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Actionable news in GE: GENERAL ELECTRIC COMPANY,

Here’s how investors are duped each earnings season

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Fooled again

A year ago, we explained the many ways companies make reading their quarterly earnings reports a miserable task.

We weren’t just whining. We wanted to remind companies that our readers regularly tell us they struggle to understand earnings announcements, and our job is to decode them for investors. Making that difficult isn’t helping anyone.

We noted that some of their tactics — inventing or manipulating numbers, using meaningless jargon, distributing lame executive quotes, and more — can be outright damaging, eroding investor trust and creating skepticism.

We hoped they’d change their ways.

We’re sorry to say that today, as another earnings season draws to a close, things are even worse.

“Companies are definitely less transparent than they used to be,” said Leigh Drogen, founder and chief executive of Estimize, which crowdsources earnings estimates. They are “using accounting schemes that are more specific to … how they want investors to perceive their results.”

Earnings are a crucial quarterly update for investors, as they provide the “best unbiased” view of what’s going on with companies, sectors and the economy, said Karyn Cavanaugh, senior market strategist at Voya Investment Management. “Earnings discount all the noise,” she said.

‘It’s a holographic presentation bubble distorting underlying operational reality. Companies are working all the angles.’

But today, according to FactSet, more than 90% of S&P 500 companies use their own metrics in an attempt to make their numbers look better. Some conceal revenue and other key numbers in hard-to-access tables. And a recent NYSE rule change has led some companies to report very early in the morning and pushed others to join the posse reporting after the closing bell, creating bottlenecks.

While all this has meant more stress for reporters and analysts, it’s also made things harder for everyday investors trying to do due diligence on the companies they own. Experts say more companies seem to be breaking the most fundamental pact they have with their co-owners: to keep them informed of the true state of their business.

“It’s a holographic presentation bubble distorting underlying operational reality,” said analyst Nicholas Heymann at William Blair. “Companies are working all the angles.”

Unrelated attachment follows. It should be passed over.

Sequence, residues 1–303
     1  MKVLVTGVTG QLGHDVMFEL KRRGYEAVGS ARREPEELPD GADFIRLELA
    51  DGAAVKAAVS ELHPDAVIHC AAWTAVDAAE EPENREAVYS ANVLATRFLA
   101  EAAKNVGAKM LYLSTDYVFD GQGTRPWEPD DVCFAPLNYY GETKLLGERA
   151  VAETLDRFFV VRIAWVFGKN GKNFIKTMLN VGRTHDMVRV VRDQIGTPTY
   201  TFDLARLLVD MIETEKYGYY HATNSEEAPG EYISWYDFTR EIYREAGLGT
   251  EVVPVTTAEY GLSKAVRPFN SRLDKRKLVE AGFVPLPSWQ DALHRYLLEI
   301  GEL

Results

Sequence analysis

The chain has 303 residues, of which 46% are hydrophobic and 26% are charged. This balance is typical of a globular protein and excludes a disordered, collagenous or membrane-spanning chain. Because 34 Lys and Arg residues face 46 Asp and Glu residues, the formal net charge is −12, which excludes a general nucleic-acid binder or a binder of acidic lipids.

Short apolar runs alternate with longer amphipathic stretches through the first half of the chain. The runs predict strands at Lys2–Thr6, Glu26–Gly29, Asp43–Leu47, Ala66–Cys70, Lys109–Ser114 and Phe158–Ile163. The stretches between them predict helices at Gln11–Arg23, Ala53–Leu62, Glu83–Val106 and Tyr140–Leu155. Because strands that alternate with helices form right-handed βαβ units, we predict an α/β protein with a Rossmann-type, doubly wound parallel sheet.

The growing use of non-GAAP metrics — those that don’t comply with U.S. Generally Accepted Accounting Principles — was one major, and growing, headache we saw this earnings season.

Don’t miss: New York Times Co. uses the same accounting techniques the paper critiques

Companies are obliged to present their earnings using GAAP, but are allowed to use non-GAAP measures to supplement the information. Executives typically claim that non-GAAP numbers are a truer picture of their underlying business because they strip out one-time items such as litigation or merger-related charges or the write-down of assets that have lost value.

Under SEC rules, they are obliged to give equal prominence to GAAP and non-GAAP numbers, and must fully explain how they differ.

But companies often use adjustments described in terms that make them sound very similar to GAAP measures, making it difficult for investors to determine a company’s true financial performance; they don’t calculate non-GAAP measures uniformly, creating further confusion; and because non-GAAP numbers are not subject to audit, they are not checked for comparability, consistency, compliance or accountability.

“There isn’t much scrutiny that’s given to those numbers,” said BTIG analyst Brandon Ross. “There’s no government standard.”

The following table illustrates the problem:

Company Financial metric Description
General Motors Co. EPS-diluted-adjusted Net income attributable to common stockholders less certain adjustments as well as certain income tax adjustments
New York Times Co. Adjusted diluted earnings per share from continuing operations Excludes severance, nonoperating retirement costs and the impact of special items
ConocoPhillips Adjusted earnings Removes impact of nonoperational results and special items
Source: General Motors, New York Times, ConocoPhillips news releases

We aren’t the only ones to notice.

“I am particularly troubled by the extent and nature of the adjustments to arrive at alternative financial measures of profitability, as compared to net income, and alternative measures of cash generation, as compared to the measures of liquidity or cash generation,” Securities and...


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